I told our donor about my sis-in-law’s choice and she was so impressed at how quickly she came to the decision. Our donors waited 10 years after the birth of their children before starting the embryo adoption process. I think everyone just has their own journey through a process like this.
My sis-in-law has started the paperwork with NEDC, but probably won’t ship the embryos until after the twins arrive. She wants to do an open adoption, but with minimal interaction. She wants to be there for the family if they have questions, but otherwise doesn’t want regular updates.
I am so proud of my sis and bro-in-law for making this very sacrificial gift to a family that may otherwise not get the chance to experience pregnancy.
Last week we went to the dentist for Grant and Maria’s first time. I had intended on taking them last year since I paid for family dental coverage, but the year got away from us. When I told them about it earlier in the week, Maria frowned and said she wanted to keep her teeth. Grant said he wanted big teeth like me. We had several days of reassurance that the dental visit was going to be okay. Maria seemed comforted by the fact that the dentist was a girl like her and that she could sit on my lap.
Dental day came and Maria earned a spot going first. The hygienist, who spoke in rhyme, was great as she let Maria sit on my lap and showed her all the tools she would use and even cleaned her baby doll’s teeth. She was fine until it came to actually laying back. That’s when she started to cry. She continued to cry until it was all done. Grant watched on and got more and more skeptical as time went on. The hygienist thanked me for not reacting to Maria’s crying and said that they expect three year olds to cry. There was no kicking, biting, or spitting, so she considered it a good exam.
When it came time for Grant’s turn, he objected and said he didn’t want to do it. We had him straddling me and went to lay him back into the hygienists lap when he suctioned himself to me. After a few minutes of coaxing he agreed to lie in the chair while I held his hands. He cried until she used the spit sucker on him at which time his cry broke into a giggle.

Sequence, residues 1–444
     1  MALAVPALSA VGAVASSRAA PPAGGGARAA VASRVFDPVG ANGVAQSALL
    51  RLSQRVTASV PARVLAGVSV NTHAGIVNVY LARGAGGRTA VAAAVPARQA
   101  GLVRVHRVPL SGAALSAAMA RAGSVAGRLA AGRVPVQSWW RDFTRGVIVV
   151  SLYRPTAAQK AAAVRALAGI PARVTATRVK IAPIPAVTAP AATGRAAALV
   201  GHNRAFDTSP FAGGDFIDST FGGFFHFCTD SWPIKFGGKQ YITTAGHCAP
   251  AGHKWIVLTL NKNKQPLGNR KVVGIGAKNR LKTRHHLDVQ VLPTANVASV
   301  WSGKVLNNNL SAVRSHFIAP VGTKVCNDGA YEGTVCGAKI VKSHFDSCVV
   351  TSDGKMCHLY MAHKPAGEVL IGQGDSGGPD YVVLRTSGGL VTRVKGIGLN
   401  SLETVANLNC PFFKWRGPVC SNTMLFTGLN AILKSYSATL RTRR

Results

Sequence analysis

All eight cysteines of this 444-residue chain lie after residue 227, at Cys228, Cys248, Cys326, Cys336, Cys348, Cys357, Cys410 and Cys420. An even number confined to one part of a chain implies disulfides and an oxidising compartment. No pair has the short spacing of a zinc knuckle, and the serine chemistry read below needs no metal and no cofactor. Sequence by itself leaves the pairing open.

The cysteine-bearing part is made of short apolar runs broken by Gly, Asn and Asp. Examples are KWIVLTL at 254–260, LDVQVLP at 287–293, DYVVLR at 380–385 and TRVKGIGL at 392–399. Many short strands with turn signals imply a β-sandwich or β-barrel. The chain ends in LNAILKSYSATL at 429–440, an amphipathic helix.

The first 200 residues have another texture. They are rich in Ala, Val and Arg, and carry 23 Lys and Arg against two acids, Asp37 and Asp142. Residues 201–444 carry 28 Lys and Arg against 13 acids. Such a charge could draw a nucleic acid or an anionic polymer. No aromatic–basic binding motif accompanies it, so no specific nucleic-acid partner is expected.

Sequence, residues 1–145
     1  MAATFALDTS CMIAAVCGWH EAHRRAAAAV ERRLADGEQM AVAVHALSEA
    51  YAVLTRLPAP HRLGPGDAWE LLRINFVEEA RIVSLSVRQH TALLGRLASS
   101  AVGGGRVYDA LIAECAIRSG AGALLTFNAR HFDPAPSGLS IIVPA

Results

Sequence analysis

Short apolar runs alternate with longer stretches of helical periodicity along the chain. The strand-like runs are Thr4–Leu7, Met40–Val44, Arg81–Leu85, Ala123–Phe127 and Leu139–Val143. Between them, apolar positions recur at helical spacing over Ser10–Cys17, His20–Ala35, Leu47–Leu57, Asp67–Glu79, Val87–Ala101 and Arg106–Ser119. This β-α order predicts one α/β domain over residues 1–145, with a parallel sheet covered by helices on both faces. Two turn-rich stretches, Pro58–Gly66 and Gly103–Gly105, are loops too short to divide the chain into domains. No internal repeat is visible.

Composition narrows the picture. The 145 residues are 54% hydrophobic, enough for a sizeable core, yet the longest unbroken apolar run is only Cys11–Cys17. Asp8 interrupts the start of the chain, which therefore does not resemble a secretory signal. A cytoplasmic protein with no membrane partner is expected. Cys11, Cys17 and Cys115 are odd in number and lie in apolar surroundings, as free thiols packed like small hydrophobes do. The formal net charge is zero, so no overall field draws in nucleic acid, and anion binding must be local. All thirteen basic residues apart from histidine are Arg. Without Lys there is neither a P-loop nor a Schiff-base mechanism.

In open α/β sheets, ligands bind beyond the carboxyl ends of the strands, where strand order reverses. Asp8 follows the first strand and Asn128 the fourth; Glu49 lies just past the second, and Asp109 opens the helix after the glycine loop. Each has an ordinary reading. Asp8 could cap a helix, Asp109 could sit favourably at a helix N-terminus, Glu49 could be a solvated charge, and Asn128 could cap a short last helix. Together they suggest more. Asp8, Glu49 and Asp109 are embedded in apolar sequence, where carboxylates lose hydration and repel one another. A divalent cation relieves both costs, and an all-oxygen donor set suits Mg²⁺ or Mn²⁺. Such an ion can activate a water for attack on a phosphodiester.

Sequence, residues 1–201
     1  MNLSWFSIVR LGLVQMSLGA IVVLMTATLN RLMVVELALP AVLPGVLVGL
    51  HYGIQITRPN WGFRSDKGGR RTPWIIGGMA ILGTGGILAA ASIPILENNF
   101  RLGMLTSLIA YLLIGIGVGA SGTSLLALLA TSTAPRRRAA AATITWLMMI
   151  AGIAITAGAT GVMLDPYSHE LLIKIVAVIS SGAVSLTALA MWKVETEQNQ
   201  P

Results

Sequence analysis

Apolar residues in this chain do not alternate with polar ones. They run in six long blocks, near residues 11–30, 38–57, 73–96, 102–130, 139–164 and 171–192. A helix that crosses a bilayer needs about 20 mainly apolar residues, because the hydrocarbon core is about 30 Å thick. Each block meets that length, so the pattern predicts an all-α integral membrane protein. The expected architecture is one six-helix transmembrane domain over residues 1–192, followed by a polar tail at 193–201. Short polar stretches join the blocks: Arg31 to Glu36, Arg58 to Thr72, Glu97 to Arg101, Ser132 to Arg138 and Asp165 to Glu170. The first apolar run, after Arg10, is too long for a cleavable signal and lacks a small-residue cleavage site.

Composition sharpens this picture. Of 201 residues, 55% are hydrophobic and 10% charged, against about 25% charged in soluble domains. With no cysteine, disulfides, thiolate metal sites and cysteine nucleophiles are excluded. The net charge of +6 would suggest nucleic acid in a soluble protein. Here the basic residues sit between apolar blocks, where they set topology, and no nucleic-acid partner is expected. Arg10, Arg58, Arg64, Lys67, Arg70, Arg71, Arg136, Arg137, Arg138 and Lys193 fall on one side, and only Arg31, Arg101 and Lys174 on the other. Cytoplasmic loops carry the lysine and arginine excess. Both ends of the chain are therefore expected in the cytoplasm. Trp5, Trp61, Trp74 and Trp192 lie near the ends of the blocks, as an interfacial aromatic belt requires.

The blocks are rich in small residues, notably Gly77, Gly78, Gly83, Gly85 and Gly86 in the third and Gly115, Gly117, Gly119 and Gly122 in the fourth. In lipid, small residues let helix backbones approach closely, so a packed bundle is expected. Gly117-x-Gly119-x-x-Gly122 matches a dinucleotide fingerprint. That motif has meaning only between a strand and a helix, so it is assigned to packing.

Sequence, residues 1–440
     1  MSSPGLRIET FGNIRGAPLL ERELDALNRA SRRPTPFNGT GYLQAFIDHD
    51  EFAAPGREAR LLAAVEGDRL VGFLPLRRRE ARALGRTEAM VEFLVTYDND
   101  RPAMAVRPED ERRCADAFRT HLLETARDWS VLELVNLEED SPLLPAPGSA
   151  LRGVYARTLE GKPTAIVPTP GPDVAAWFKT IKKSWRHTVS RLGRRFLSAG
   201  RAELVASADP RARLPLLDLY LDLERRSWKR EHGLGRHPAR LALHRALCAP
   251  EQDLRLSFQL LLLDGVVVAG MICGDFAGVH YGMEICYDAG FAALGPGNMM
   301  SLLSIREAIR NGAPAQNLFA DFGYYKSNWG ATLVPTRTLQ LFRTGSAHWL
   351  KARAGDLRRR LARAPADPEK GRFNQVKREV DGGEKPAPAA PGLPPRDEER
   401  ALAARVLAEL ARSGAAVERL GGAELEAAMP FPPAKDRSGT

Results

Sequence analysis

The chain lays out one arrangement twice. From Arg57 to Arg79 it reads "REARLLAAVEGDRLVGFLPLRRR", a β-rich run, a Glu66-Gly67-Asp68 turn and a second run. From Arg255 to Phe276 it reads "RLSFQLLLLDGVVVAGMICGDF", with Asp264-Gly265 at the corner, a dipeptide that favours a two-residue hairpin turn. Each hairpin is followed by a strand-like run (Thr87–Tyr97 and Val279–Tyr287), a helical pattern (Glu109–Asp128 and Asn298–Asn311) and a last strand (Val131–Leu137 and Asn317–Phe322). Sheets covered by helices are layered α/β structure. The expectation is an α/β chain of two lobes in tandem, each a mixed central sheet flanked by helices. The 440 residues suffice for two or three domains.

The verdict on both was no cavities, but both, especially Grant, have very “tight” teeth, meaning they are very close together and will have limited space for adult teeth. Grant’s mouth is narrow and Maria has an overbite. Thankfully, they said her overbite was not due her extended pacifier use…it’s just how she was made. We have a bright future with orthodontics.
At the end of the visit I had to set the timer so they could play with the train set in the waiting room before they would agree to leave. I’ll call it a success.
Josh and I took John Luke to see his cousins in Gatlinburg this weekend. They were visiting on a mini-vacay from Alabama to ski. John Luke got to play in the snow at the Cubbie Zone- an area designated for children three and under. Josh did “daddy-duty” while I got to ski with my sister-n-law, nieces, and nephews.
Josh is out of town most weekends during duck season, so he let me go play for the day. It was John Luke’s first time playing in the snow. Last winter, he was too little and too fragile, to play outside. This winter we’ve only had snow flurries, not enough to stick. It turned out to be a beautiful day on the slopes with fresh snow.
This is our third year meeting up with our family to ski. I hope we can make it an annual visit. It’s fun to meet at a destination place and create memories together. Especially as John Luke grows up, I hope for him to have memories doing different things with his cousins as I did as a child.
Skiing is something I need to do at least once a year to keep it up. I always have to do some practice turns before getting on the lift. I try to avoid staying in “pie position” all the way down the hill, but I usually get into a rhythm after a few runs.
It was fun riding the slopes with my sis-n-law, nieces and nephew. I can’t wait until John Luke is right there with us. My nieces and nephews started learning when they were 3 with a harness, so it won’t be long. Right now, I’ll enjoy him playing safely in the Cubbie Zone.
Families who consider navigating the embryo adoption waters have a number of options to help them get started. Organizations such as medical clinics, adoption agencies and social service agencies that serve families through the embryo donation/adoption process offer a varying range of services. Some agencies might provide only one service, such as completing the family assessment (home study) for the recipient, while others provide more comprehensive services, like donor-recipient matching, medical transfer and counseling.